Children and Communion

No one but God fully understands the mystery of sacraments; the human mind cannot possibly grasp fully their meaning. Sacraments are not explainable. Our Puritan ancestors of Congregationalism felt strongly that each person's relationship with God is individual and unique. And so each of us are encouraged to have our own perspective on what it means to us.


Unlike some customs within Christendom, our tradition does not set aside a certain age at which people take their "first communion." It has been the pattern for some of our Sunday School classes to return to the sanctuary for communion on the Sundays when the sacrament is being celebrated. It is up to each family to decide when their child is ready to participate.


We will be offering an opportunity for families to gather and explore together the sacrament of communion. We will spend either a morning or afternoon experiencing the mystery, baking the bread, and exploring what it all might mean in terms that children of all ages can begin to understand.


We'd like to offer this in the late summer or early fall. While the exact date has not yet been set, Carly and Sylvia need your input on whether this is something in which your family would participate, and if so, when the best time to offer such a program would be for your family. Please share your thoughts about these possibilities with us, won't you?


Some Things Don't Change

From The Church Tidings, Sunday, October 2, 1927:

One of Our New Teachers said: "You don't know this church until you know its Sunday School." We regard the work of our Church School as of first importance. We have a great privilege and a great responsibility in the religious and character training of so many children and young people. We need the hearty cooperation of all parents, members and friends to make our work most effective.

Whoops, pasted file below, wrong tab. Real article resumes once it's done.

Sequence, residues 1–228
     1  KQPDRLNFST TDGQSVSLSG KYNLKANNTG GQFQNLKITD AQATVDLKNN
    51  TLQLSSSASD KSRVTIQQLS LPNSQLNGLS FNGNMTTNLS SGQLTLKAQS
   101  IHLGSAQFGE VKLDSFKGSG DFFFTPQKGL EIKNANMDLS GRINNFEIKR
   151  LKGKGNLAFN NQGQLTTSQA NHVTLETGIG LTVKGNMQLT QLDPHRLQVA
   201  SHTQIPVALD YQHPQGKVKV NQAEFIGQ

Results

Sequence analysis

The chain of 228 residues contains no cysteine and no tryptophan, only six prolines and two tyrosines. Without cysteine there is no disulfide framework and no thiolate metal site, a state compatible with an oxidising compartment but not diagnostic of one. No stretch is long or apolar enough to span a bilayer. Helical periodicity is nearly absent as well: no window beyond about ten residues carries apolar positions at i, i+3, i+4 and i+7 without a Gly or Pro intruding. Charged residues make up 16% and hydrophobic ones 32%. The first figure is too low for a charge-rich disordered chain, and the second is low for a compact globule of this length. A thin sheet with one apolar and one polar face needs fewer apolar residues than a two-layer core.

Volunteer Opportunities
St. Barbara's Food Pantry Collection 

St. Barbara's Food Pantry collection item for May is canned beans (refried or whole) and canned meats (tuna, salmon, chicken, ham, spam, or hash). Thanks for your support!


CNN/Meals on Wheels 

Community Nutrition Network/Meals on Wheels provides meals and resources to older adults and persons with disabilities, and assists them in leading healthy and active lives. If you can  

volunteer to help prepare or deliver meals to home-bound seniors, or have any questions, please call Tanya Harrison at 708-310-4434.  


Lawn Mowing

The grass is green and it's time to mow! Sign up to help keep the church lawns looking their best. We have both a self propelled mower and a rechargeable mower for you to use. This includes the front, back and side lawns.

The sign-up day and time are listed as Saturdays, 9:00 am to 8:00 pm, but the actual day and time you mow is flexible.  

In Our Church


Our Mission of the Month is Hinsdale Union Church's Soup Kitchen. They make the 10 gallons of soup to feed 60-80 people at our Saturday Meals Program. We are supporting this group with a donation of $400 for the year.



Thank you to everyone for their donations to the Illinois tornado relief! Members donated $335, so Missions will match that amount for a total of $670.


Glen Campbell ...I'll Be Me

In 2011, Glen Campbell was diagnosed with Alzheimer's disease. Glen and his wife, Kim, went public with the diagnosis and embarked on a "Goodbye Tour." This film, "Glen Campbell ... I'll Be Me" documents this journey as they navigate the unpredictable nature of Glen's disease using love, laughter and music as their medicine.  

Tickets are free but required for this event. Tickets can be picked up at the Plymouth Place Front Desk at 315 N. La Grange Road or at Aging Care Connections at 111 West Harris at any time before the show while quantities last. Show times are: Wednesday, May 20 at 7:15 p.m. at Plymouth Place and Thursday, May 21 at 10:30 a.m. at the La Grange Theatre or 4:30 p.m. at Plymouth Place. Free popcorn, soda, and information on local resources to support caregivers is available.